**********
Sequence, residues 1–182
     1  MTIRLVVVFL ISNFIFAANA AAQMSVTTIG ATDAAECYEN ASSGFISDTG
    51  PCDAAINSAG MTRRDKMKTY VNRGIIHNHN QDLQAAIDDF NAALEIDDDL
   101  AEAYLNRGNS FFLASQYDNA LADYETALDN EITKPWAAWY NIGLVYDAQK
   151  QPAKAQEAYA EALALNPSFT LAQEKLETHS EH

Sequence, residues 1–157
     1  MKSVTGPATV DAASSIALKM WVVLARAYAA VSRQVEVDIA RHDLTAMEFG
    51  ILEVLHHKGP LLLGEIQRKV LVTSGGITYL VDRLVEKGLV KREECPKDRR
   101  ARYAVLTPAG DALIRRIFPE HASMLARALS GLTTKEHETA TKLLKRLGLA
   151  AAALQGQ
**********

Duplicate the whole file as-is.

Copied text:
Sequence, residues 1–182
     1  MTIRLVVVFL ISNFIFAANA AAQMSVTTIG ATDAAECYEN ASSGFISDTG
    51  PCDAAINSAG MTRRDKMKTY VNRGIIHNHN QDLQAAIDDF NAALEIDDDL
   101  AEAYLNRGNS FFLASQYDNA LADYETALDN EITKPWAAWY NIGLVYDAQK
   151  QPAKAQEAYA EALALNPSFT LAQEKLETHS EH

Sequence, residues 1–157
     1  MKSVTGPATV DAASSIALKM WVVLARAYAA VSRQVEVDIA RHDLTAMEFG
    51  ILEVLHHKGP LLLGEIQRKV LVTSGGITYL VDRLVEKGLV KREECPKDRR
   101  ARYAVLTPAG DALIRRIFPE HASMLARALS GLTTKEHETA TKLLKRLGLA
   151  AAALQGQ